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Melissa Patterson

inducted 2019 Science

If there is one way to capture the inspiring work of teacher Melissa Patterson, it is to watch Yolngu singer, Yirrmal, hold an audience in the palm of his hand. Yirrmal Marika, a charismatic musician now in his 20s, was among the first group of teenage indigenous men from Arnhem Land to enrol in the Märrma’ Rom - Two Worlds Foundation started by Melissa and her partner, Cam, in 2011.

Märrma’ Rom, a Yolngu word that translates to two worlds, two cultures, two belief systems, involves an educational exchange between traditional indigenous culture in Arnhem Land, and non-indigenous culture many thousands of miles away in Geelong. Now in its eighth year, the foundation grew from Melissa’s own experiences working in impoverished areas, both in Australia and overseas.
Melissa’s first exposure to such a world came during her travels to South East Asia, spending time with young children in orphanages. Then, a few years later, as a teacher, when she had the opportunity to take six months leave from her job at Trinity College in Colac to spend time in Africa with the Christian Brothers and Edmund Rice Foundation, teaching in schools in the slums of Tanzania. Melissa ended up working with Emmanuel alumni Br Frank O’Shea in a Tanzanian school, the Sinon Secondary School, teaching English to a class of 50 students.

Melissa was impressed by the eagerness of the children to learn. She recalls how some children wouldn’t take their backpacks off in the classroom because it, plus their one book and one pen, were their only possessions. Learning English and gaining a good education was the only source of survival.

Returning to mainstream Australia and its obsession with materialism was hard. Not surprisingly, Melissa struggled to settle back into Trinity College. Her principal, Damien McKew, didn’t want her to leave, but encouraged her to pursue another project, which saw Melissa take a year’s leave to work in the remote Aboriginal community of Wadeye, in the NT. Wadeye was tough going and plagued with the problems of a former Mission where many separate cultures were forced together.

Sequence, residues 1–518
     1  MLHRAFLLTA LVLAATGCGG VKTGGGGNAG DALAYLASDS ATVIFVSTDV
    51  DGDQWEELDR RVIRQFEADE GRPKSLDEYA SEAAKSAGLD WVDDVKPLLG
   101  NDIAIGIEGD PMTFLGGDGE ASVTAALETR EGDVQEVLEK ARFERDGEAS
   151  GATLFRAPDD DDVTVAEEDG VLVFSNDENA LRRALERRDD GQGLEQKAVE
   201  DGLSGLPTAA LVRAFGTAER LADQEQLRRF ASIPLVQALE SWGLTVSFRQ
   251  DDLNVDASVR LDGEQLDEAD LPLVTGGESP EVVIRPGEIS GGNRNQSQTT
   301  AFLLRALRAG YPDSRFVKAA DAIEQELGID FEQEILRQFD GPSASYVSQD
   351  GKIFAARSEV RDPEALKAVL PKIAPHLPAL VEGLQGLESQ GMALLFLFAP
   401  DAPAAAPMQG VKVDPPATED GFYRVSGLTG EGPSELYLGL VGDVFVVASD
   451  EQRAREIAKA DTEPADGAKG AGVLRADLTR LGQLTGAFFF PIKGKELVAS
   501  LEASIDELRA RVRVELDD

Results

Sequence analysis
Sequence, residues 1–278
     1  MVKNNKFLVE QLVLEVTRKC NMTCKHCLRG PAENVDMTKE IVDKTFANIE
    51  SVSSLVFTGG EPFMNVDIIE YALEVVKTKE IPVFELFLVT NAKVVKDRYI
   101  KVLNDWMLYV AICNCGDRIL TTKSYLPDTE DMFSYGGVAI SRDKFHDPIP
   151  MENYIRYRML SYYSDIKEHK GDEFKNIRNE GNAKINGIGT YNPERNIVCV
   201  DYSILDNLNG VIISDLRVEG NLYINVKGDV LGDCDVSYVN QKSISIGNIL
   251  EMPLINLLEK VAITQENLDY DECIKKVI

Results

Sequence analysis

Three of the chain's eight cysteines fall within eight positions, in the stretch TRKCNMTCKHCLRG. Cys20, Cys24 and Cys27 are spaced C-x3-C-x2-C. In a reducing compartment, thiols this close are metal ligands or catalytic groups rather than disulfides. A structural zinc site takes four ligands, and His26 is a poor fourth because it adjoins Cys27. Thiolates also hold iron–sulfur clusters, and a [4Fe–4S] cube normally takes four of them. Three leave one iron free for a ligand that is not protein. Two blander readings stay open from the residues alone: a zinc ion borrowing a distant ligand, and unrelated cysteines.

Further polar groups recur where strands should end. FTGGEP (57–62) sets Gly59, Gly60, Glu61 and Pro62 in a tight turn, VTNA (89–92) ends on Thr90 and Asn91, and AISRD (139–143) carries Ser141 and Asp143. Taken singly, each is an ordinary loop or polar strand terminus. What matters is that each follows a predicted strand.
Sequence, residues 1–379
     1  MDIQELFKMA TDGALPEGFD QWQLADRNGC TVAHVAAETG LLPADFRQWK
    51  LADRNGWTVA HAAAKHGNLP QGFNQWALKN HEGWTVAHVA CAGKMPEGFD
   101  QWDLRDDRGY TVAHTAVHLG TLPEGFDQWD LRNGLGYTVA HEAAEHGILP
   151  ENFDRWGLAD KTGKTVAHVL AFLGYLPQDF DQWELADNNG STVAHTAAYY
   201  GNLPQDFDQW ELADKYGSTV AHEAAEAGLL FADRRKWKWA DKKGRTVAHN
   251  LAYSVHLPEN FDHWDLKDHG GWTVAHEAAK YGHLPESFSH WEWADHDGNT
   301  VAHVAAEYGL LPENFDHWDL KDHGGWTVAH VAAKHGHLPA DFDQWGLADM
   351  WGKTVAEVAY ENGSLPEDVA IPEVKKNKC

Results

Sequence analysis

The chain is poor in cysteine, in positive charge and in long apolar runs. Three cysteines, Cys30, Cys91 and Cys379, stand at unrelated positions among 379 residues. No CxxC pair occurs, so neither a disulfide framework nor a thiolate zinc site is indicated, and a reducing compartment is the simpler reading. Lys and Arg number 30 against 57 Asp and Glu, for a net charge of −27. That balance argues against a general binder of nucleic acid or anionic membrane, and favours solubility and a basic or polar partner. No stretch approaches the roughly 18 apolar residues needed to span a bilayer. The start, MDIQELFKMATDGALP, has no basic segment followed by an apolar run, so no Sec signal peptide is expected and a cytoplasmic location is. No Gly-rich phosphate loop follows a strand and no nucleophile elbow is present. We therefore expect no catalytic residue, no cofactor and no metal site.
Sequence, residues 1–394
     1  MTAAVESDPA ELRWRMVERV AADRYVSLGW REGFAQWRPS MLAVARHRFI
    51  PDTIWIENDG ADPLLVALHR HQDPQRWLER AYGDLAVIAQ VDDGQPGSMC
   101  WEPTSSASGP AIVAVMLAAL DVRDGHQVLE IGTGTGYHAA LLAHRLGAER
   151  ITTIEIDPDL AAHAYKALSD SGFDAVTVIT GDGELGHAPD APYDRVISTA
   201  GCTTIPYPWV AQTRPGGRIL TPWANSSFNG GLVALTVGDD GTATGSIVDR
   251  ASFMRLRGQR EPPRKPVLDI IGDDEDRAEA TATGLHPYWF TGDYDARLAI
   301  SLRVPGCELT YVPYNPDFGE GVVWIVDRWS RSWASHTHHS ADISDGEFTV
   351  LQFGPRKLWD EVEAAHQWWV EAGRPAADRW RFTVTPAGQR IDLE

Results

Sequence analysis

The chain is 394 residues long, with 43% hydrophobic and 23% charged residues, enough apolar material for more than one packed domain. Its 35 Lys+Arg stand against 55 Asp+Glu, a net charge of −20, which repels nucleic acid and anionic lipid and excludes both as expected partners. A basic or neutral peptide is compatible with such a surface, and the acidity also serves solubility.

For Melissa, however, Wadeye proved a turning point. She met her partner, Cam, who had taught in Arnhem Land for many years and had an extensive understanding of the Yolngu culture and language. Melissa and Cam had many memorable times working together in Wadeye, including winning an exchange trip to Italy for a class of 16 indigenous kids, most of whom had never been on a plane before.

The pair later moved to Arnhem Land to teach in Yirrkala where, again, the teaching was challenging but intensely rewarding. Melissa fully embraced the Yolngu culture and was adopted by two local sisters who shared their stories and sacred places. This, Melissa says, was where the seeds of the Marrma’ Rom Two Worlds Foundation began.

A year before leaving Arnhem Land, Melissa and Cam began to put the foundation in place. As they were bound for Geelong, they selected a partner school there, St Joseph’s College, headed by former Emmanuel College deputy principal Paul Tobias who embraced the idea. After relocating to Geelong, the pair converted their garage into an independent living space for the first four teenagers to arrive from Arnhem Land for a 12-month residency. Among them was Yirrmal.

Since then, the foundation has helped more than 20 young Yolngu men to develop leadership and life skills for their own development and their home community. In 2018, the foundation fulfilled its goal to also cater for girls supporting four young Yolngu women who are working hard to achieve their dreams, and already proving to be future leaders for their communities. Melissa and Cam also now have three young children, all of whom have grown up with an extended family of brothers and sisters from North East Arnhem Land.

For someone who admits she was unsure about teaching as a career, Melissa has become one of the best and her influence stretches from one end of our nation to the other.

Melissa Patterson

2019 Inspiring Alumni

Class of 1995